The holiday season is five months away, but for ecommerce brands, it’s right around the corner. Savvy ecommerce brands are already planning for a busy and somewhat unpredictable Q4. With only four weeks in the holiday season, consumers want what they want, when, and how they choose. And, they’ll buy elsewhere if brands can’t deliver.
There are many lessons to learn from the chaotic 2020 holiday season. Demand for ecommerce soared, up 23.9% for online and non-store sales during the November–December holiday period. That unprecedented demand, however, tested the limits of supply chains, logistics, and delivery. Products sold out with no stock to refill and overwhelmed carriers struggled to keep up with delivery. With the right preparation and lessons learned, there’s no need to hit the “panic” button. Use our planning checklist to get your whole business — marketing, fulfillment, logistics, and shipping — on the same page to maximize holiday sales success.
Not every brand will see huge spikes in Q4 holiday sales. While consumers tend to stick to certain categories for holiday shopping, e.g., retail and electronics, every brand should have a solid Q4 holiday strategy in place. Toy manufacturers, for example, plan nearly a year in advance for the November/December shopping frenzy. For some toy manufacturers, they’ll bring in up to 75% of revenue over that four-week period, so coordinated planning across production, marketing, and fulfillment is critical. Should CPG brands follow suit? While you may not be selling much more sparkling water in Q4 unless you have a pumpkin-spiced version, brands shouldn’t take time off from getting in front of in-market consumers. You very well may see a natural bump in traffic, sales, and lifetime value as consumers are already online. Plus, keep an eye out for the post-holiday spike in gift card usage, healthy food, exercise trends and more.
Predicting the future is always fraught with uncertainty but historical data can reveal trends that businesses can prepare for. Because of 2020’s unpredictability, we recommend brands compare not only year-over-year but open the window to two years back. As unusual as the 2020 holiday season was, comparing two years’ worth of data can help normalize the peaks and valleys. In addition, diving into quarter-over-quarter within the same year and over two years can reveal when surges in sales may happen. Forecasting is useful across not only sales data, but also ad spend, competitive landscape, and an ecommerce growth perspective. It’s also important to accept that the best-laid plans — and, in this case, forecasts — may experience a higher degree of variability than expected. Sharing forecasts across internal teams and external partners, especially carriers, as early and often as possible can help manage expectations and reduce stress on essential resources.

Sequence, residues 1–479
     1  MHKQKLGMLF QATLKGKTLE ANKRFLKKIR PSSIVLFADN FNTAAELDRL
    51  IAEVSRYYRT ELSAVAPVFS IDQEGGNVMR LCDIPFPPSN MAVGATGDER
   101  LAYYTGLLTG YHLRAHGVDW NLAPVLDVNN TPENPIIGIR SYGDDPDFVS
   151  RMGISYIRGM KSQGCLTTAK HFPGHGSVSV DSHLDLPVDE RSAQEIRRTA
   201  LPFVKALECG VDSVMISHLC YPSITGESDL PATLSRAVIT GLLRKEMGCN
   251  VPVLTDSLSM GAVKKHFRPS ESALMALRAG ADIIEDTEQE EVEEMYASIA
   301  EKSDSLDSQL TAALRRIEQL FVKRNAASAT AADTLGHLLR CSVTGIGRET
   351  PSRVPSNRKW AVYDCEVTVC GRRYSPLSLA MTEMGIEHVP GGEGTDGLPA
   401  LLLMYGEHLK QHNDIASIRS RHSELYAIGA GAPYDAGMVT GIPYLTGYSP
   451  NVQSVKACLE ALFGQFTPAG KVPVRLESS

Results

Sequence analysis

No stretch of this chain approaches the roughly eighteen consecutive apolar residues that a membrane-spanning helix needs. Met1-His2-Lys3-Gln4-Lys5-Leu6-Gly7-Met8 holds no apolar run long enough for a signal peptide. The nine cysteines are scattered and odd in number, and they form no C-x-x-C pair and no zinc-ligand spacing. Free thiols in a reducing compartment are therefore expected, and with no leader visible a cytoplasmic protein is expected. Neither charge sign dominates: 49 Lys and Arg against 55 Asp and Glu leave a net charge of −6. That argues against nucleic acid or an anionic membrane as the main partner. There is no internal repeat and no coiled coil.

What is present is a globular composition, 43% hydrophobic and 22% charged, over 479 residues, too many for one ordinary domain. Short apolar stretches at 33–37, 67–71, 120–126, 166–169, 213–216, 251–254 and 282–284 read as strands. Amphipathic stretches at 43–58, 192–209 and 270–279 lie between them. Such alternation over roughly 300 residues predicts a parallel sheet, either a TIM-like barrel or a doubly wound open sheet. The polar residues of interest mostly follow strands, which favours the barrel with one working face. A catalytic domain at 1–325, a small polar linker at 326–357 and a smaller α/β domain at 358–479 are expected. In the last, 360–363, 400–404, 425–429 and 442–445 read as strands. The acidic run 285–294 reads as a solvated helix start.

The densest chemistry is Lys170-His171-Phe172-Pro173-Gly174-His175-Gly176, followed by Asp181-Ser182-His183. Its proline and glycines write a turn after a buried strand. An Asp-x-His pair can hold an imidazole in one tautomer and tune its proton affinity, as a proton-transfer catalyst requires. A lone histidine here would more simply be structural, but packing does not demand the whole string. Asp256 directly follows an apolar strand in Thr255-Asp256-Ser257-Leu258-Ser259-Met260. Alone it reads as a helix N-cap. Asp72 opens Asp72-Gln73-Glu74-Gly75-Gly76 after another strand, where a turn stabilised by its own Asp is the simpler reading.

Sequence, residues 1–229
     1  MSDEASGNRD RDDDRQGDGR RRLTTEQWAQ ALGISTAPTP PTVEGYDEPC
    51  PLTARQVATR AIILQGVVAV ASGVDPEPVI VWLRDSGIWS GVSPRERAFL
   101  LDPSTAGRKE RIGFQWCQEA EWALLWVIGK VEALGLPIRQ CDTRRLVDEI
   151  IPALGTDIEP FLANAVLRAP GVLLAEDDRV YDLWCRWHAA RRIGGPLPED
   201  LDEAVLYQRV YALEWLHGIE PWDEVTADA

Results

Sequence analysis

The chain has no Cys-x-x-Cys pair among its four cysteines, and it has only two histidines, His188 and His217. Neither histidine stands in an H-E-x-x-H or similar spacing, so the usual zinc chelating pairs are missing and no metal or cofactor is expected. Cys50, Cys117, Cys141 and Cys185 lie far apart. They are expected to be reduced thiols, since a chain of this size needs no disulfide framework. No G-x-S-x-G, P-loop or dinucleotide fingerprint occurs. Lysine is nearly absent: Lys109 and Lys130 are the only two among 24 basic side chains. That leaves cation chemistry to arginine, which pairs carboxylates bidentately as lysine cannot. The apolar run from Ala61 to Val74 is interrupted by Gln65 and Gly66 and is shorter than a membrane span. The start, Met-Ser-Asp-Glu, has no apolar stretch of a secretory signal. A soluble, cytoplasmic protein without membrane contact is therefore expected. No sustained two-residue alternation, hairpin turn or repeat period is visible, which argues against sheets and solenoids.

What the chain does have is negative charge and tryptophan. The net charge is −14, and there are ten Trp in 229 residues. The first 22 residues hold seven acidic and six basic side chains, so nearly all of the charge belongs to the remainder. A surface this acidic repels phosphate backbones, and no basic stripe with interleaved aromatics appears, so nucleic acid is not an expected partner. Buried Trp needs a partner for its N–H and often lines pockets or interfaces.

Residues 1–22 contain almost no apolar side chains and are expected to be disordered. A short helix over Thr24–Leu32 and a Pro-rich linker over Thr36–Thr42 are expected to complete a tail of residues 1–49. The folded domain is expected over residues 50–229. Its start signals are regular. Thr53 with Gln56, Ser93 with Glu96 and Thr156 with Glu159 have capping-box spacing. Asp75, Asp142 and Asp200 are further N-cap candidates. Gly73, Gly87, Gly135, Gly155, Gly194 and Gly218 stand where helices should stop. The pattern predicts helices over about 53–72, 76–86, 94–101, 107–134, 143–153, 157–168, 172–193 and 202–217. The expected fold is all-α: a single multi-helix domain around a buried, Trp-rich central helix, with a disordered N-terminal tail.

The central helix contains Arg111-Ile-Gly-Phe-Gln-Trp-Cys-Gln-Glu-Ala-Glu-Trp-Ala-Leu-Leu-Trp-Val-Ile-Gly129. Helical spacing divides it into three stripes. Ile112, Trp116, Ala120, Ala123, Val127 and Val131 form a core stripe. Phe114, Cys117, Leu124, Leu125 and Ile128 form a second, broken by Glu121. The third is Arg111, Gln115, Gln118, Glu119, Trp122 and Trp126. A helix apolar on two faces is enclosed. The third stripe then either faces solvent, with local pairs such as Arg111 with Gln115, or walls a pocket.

Understanding (and respecting) lead times can make or break your holiday marketing and sales. Are your products produced internationally? Do you rely on out-of-state or country components or parts? Often there are several steps in the manufacturing supply chain to arrive at fulfillment and ultimately your channel of choice. Any delay along that route can impact inventory and customer happiness. In addition to understanding lead times, it’s critical for brands to know with certainty not only how much inventory you have but also where it will be at any point in the holiday sales cycle. WBX Commerce advises clients to consider using the same packaging and warehouse to fulfill across channels. You can quickly shift product to the channel where it’s needed and, in theory, commit to less inventory, which ultimately reduces operational costs. A 3PL like WBX Commerce can also provide transparency into where your inventory is most needed, geographically and more. This intel directly impacts your advertising strategy as well. (See #6 for holiday Marketing ideas.)